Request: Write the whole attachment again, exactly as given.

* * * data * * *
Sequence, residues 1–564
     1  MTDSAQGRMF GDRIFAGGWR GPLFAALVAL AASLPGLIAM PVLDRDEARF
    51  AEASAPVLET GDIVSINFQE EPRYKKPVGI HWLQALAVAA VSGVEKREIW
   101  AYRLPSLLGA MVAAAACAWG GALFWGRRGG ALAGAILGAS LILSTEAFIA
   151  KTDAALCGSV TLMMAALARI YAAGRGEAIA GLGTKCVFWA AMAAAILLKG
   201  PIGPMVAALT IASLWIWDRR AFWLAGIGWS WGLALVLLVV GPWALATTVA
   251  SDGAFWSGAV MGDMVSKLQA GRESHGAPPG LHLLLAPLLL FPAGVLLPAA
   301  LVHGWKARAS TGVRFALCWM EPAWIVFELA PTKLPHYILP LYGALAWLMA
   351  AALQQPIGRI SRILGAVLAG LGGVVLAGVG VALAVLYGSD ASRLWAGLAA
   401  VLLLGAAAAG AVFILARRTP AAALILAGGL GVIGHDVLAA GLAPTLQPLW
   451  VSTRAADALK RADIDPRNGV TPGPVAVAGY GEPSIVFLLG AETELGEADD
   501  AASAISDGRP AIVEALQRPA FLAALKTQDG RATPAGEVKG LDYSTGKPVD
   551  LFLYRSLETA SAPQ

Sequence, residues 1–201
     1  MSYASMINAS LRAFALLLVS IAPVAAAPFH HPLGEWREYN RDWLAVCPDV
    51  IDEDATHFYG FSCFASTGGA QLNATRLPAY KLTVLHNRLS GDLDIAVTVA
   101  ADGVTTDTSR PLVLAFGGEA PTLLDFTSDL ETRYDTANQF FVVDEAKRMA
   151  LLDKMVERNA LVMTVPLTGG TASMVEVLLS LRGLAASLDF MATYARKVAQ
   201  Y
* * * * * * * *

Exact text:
Sequence, residues 1–564
     1  MTDSAQGRMF GDRIFAGGWR GPLFAALVAL AASLPGLIAM PVLDRDEARF
    51  AEASAPVLET GDIVSINFQE EPRYKKPVGI HWLQALAVAA VSGVEKREIW
   101  AYRLPSLLGA MVAAAACAWG GALFWGRRGG ALAGAILGAS LILSTEAFIA
   151  KTDAALCGSV TLMMAALARI YAAGRGEAIA GLGTKCVFWA AMAAAILLKG
   201  PIGPMVAALT IASLWIWDRR AFWLAGIGWS WGLALVLLVV GPWALATTVA
   251  SDGAFWSGAV MGDMVSKLQA GRESHGAPPG LHLLLAPLLL FPAGVLLPAA
   301  LVHGWKARAS TGVRFALCWM EPAWIVFELA PTKLPHYILP LYGALAWLMA
   351  AALQQPIGRI SRILGAVLAG LGGVVLAGVG VALAVLYGSD ASRLWAGLAA
   401  VLLLGAAAAG AVFILARRTP AAALILAGGL GVIGHDVLAA GLAPTLQPLW
   451  VSTRAADALK RADIDPRNGV TPGPVAVAGY GEPSIVFLLG AETELGEADD
   501  AASAISDGRP AIVEALQRPA FLAALKTQDG RATPAGEVKG LDYSTGKPVD
   551  LFLYRSLETA SAPQ

Sequence, residues 1–201
     1  MSYASMINAS LRAFALLLVS IAPVAAAPFH HPLGEWREYN RDWLAVCPDV
    51  IDEDATHFYG FSCFASTGGA QLNATRLPAY KLTVLHNRLS GDLDIAVTVA
   101  ADGVTTDTSR PLVLAFGGEA PTLLDFTSDL ETRYDTANQF FVVDEAKRMA
   151  LLDKMVERNA LVMTVPLTGG TASMVEVLLS LRGLAASLDF MATYARKVAQ
   201  Y